Buchanan Commission considers social district

BUCHANAN – Community development efforts were on the front burner at Monday night’s Buchanan City Commission meeting. Commissioners discussed creating a social district downtown and heard about an expansion of the summer concert series at the Common.

The social district idea was introduced by Community Development Director Rich Murphy. He noted that Gov. Gretchen Whitmer and the state legislature established the social district designation last summer in an effort to support restaurants in the midst of the pandemic. Social districts allow people to consume alcohol off premises in shared common areas.

Murphy called the social district concept an economic development tool for the city. He said 40 or 50 communities around the state have “opted in” to having social districts so far, the closest one being the city of Niles. He expects many more to be applying in coming weeks and months.

“It allows municipalities to establish a geographic area where existing liquor licensees can sell alcohol on their premises which then can be consumed in the social district area,” he said. “This is an important time in Buchanan’s history. The summer season this year will be a comeback for the community.”

“This would mean more visitors and economic activity,” he said. “It could work in concert with the special events being planned and discussed. This is the single most important economic thing we can do to stimulate the local economy … Going into the summer season people ask what we can do to help local business, this is a no brainer.”

While Murphy said he has heard only positive comments from community development directors he has talked to in other communities, Buchanan Police Chief Tim Ganus said he has some questions.

“I do have some concerns. I’m not sure what it would look like and where it would be,” Ganus said. “In other areas they’ve used a side street and I’m not sure if we can do that. I don’t think we can, I don’t want to block streets off. I would like to have a lot of information before I’d feel comfortable giving a thumbs up.”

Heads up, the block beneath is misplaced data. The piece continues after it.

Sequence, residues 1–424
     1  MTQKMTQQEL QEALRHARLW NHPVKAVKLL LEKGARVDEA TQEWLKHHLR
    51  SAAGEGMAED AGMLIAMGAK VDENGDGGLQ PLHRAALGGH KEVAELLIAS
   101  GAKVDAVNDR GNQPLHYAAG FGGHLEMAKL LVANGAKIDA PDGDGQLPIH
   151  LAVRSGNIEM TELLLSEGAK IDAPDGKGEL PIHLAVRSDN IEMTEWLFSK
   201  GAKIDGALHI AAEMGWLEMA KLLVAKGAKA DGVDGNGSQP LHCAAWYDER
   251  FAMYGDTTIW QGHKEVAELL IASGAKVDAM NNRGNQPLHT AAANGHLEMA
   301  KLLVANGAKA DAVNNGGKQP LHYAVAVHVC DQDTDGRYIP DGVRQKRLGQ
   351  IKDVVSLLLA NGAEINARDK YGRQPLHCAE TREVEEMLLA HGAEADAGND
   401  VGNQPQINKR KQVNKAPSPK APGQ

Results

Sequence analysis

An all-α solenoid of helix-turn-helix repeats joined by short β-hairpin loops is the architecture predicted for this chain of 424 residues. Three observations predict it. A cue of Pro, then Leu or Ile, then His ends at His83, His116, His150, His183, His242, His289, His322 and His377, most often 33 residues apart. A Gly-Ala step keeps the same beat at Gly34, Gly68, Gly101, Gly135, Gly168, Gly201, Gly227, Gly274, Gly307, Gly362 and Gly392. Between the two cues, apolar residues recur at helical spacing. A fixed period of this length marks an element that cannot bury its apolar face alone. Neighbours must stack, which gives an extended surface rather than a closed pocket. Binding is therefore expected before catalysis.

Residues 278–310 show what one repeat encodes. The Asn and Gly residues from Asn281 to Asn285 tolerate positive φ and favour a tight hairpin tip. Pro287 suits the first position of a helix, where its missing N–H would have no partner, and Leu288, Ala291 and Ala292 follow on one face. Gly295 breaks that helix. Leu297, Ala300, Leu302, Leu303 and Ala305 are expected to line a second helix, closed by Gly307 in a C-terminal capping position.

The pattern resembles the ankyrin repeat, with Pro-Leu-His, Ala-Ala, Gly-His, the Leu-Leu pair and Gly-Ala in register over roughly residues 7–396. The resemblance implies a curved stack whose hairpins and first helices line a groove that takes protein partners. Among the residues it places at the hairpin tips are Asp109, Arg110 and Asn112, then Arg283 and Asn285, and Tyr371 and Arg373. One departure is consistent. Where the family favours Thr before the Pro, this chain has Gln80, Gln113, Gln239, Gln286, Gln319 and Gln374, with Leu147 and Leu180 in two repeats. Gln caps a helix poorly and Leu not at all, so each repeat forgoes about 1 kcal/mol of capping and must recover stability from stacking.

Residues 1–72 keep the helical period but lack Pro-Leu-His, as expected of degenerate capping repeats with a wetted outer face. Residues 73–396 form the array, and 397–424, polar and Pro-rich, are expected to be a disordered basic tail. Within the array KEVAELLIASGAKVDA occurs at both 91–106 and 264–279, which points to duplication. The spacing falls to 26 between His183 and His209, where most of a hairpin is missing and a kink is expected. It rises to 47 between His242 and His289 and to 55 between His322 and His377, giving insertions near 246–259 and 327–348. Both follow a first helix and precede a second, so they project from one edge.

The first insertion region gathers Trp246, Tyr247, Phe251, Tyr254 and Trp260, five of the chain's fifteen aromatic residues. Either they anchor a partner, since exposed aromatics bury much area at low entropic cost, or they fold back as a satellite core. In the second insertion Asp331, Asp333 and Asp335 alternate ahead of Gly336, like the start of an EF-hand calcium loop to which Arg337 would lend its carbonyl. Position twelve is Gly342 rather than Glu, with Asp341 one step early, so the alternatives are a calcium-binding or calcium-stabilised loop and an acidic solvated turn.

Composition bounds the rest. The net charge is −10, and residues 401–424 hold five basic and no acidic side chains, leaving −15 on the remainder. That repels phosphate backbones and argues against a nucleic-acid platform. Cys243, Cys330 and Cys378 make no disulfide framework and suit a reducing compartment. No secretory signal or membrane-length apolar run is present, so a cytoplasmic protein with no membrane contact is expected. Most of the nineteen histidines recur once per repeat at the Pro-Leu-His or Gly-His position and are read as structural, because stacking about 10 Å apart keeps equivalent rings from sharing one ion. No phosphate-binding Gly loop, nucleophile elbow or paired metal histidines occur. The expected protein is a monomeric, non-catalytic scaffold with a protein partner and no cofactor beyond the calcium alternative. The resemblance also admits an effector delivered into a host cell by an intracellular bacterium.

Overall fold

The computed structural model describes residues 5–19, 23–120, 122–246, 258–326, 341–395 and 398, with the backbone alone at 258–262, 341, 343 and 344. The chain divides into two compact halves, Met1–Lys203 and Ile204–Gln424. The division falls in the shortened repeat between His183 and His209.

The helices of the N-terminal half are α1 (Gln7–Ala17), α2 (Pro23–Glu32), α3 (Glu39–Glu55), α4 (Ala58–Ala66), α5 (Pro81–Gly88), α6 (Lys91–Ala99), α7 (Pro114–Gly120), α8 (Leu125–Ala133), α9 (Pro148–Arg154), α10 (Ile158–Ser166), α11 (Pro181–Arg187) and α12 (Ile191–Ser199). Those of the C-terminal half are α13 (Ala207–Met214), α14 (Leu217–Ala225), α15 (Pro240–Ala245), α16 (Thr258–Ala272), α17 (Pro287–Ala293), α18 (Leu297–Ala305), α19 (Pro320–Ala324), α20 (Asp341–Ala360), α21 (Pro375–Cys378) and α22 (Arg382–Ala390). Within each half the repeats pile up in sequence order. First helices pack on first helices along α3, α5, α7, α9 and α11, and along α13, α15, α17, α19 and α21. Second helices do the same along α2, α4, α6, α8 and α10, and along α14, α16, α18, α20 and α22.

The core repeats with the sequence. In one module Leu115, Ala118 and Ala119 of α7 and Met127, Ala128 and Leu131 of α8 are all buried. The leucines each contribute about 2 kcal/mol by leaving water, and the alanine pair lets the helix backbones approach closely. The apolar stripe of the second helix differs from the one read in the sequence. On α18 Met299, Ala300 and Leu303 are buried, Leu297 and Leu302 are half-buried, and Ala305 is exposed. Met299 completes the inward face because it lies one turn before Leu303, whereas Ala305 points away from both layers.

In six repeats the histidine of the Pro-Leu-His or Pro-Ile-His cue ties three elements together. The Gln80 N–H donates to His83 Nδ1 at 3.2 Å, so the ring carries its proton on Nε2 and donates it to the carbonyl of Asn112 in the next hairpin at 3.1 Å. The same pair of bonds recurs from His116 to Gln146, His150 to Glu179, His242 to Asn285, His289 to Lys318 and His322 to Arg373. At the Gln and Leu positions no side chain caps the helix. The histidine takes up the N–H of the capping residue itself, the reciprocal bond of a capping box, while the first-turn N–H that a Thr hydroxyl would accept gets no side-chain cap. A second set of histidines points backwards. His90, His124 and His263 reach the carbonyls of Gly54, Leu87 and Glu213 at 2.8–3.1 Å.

Commissioner Patrick Swem said he thinks it can be done safely and said he was “very intrigued.” Mark Weedon said he thinks people may be confusing the social district with what Niles is doing with its outdoor dining experience that has closed off a section of Second Street. He said other social districts he has visited have clear boundaries with markers and signs.

“I’m open to anything that will create an environment where people want to come and visit,” Mayor Sean Denison said. “This will require a lot of conversations with businesses that serve alcohol, shops and people. Maybe people don’t want it, but it’s a conversation we have to have.”

In public comments, former commissioner Dan Vigansky expressed skepticism. He said he has held a liquor license in the past and said he had concerns about liability, rules and regulations. “Where is this going?” he asked. “Are we going to allow people to walk around with a beer? The next thing will be a glass of wine or smoking a joint.”

Murphy also gave an update on the master plan. He said planning commissioners have finished work on an updated master plan and will be presenting the draft to the commission in coming weeks. People will have opportunity to review and comment on the plan before it is adopted. It can be found at cityofbuchanan.com.

Commissioners approved an application to the Community Economic Development Association of Michigan’s Fellowship Program. If selected, the city will host a community development fellow for a 15-month period at total cost of $6,000.

City Manager Heather Grace said she is familiar with the program from her previous job as the city manager of West Branch, Mich. She said the fellow they worked with there proved helpful in identifying grant opportunities. She called the fellowship program a good training route for recent college graduates while also helping out the city.

Commissioners also heard from Michael Rowland of the Michigan Community Gateway Foundation about his organization’s efforts to promote the community. They’ve established two funds to gather donations to expand what was the “Last Saturday” concerts to more dates over the summer months and support the maintenance of the Common.

Rowland said they hope to have expanded funding in order to do four to five shows this summer. The concerts will be at the Common stage but with options to stream concerts to local restaurants and other areas of the downtown. He said they are also working with the Three Oaks-based Acorn Theater to host a singer songwriter competition and other events.

For her part, Grace said she is working with the foundation as well as others interested in the community to have a more robust summer concert series as well as other events during the year to bring more visitors to the city and promote tourism. She said she’s also working on a new city policy to allow for and regulate food trucks in the city.

Monday’s two-and-a-half-hour meeting also featured action in other areas. The city has hired a new city attorney after putting out a request for proposals. Commissioners chose Mowitt Drew of the Kotz, Sanster Wysocki PC law firm over two others including Richard Racht of Bittner Jennings, the current city attorney.

Commissioners said they had not been satisfied with Racht’s service and noted that Drew’s office is local, in the Longmeadow development between Niles and Buchanan. Grace said that while a lot of business can be done virtually, it does save cost and expediency to have an attorney who is closer geographically.

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